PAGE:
• Lloyd M. Beidler
Part of the Readings from the Encyclopedia of Neuroscience book series (REN)


Many living forms, from bacteria to humans, can detect and discriminate a large number of chemicals in their environment. The major function is associated with food selection and consumption. In many species of fish, amphibians, humans, and other mammals, the sense organs of taste are clusters of cells called taste buds. In mammals they are found primarily on the tongue and soft palate with a smaller number in other areas of the oral cavity.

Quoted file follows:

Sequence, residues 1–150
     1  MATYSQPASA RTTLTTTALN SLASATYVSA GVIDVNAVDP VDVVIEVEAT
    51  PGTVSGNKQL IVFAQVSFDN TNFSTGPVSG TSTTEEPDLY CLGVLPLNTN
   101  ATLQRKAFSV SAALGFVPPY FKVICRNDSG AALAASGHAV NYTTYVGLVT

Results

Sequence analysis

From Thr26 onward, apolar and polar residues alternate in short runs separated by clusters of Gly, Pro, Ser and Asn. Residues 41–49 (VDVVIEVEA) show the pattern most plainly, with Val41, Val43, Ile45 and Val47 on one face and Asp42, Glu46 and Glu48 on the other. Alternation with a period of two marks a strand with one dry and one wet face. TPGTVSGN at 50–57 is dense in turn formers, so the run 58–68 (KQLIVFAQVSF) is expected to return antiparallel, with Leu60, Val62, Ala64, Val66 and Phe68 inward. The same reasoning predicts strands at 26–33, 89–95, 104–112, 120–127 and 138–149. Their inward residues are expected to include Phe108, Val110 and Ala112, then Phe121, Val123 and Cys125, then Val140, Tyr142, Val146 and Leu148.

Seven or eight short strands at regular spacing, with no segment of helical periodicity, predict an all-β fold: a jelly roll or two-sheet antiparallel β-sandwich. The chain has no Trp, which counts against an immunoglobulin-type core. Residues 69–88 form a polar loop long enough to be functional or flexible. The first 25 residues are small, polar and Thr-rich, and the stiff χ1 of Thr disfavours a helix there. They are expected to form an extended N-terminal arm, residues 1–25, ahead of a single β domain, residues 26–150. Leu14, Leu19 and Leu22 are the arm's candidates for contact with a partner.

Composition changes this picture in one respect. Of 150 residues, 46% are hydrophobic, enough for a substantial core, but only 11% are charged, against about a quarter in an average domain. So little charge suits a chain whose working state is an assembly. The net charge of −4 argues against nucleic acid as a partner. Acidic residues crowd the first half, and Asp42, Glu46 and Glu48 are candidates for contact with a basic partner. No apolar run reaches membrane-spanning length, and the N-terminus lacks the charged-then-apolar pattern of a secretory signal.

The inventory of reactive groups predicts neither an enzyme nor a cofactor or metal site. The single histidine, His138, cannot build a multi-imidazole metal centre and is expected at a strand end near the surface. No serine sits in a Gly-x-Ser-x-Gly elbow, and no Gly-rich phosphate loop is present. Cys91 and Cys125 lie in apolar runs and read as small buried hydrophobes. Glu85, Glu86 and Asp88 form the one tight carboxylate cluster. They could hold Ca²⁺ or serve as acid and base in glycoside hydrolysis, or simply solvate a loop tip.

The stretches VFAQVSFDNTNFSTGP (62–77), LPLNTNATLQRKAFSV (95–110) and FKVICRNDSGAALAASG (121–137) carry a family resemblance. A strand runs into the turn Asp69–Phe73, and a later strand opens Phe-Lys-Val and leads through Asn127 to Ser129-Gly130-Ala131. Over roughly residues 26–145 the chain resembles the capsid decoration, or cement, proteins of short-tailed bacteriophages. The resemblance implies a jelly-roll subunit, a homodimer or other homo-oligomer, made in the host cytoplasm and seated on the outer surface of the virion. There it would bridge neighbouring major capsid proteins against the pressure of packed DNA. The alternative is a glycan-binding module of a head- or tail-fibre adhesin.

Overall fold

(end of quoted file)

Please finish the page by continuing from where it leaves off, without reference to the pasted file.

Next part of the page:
Sweet Taste Taste Cell Taste Quality Circumvallate Papilla Gustatory Cortex 
These keywords were added by machine and not by the authors. This process is experimental and the keywords may be updated as the learning algorithm improves.

Further reading

  1. Beets MGJ (1978): Structure-activity Relationships in Human Chemoreception. London: Applied Science PublishersGoogle Scholar
  2. Beidler LM, ed (1971): Handbook of Sensory Physiology. Vol 4.Chemical Senses. 2. Taste. Berlin: Springer-VerlagGoogle Scholar
  3. Pfaff DW, ed (1985): Taste, Olfaction, and the Central NervousSystem. New York: Rockefeller University PressGoogle Scholar

Copyright information

© Birkhäuser Boston, Inc. 1988

Authors and Affiliations

  • Lloyd M. Beidler

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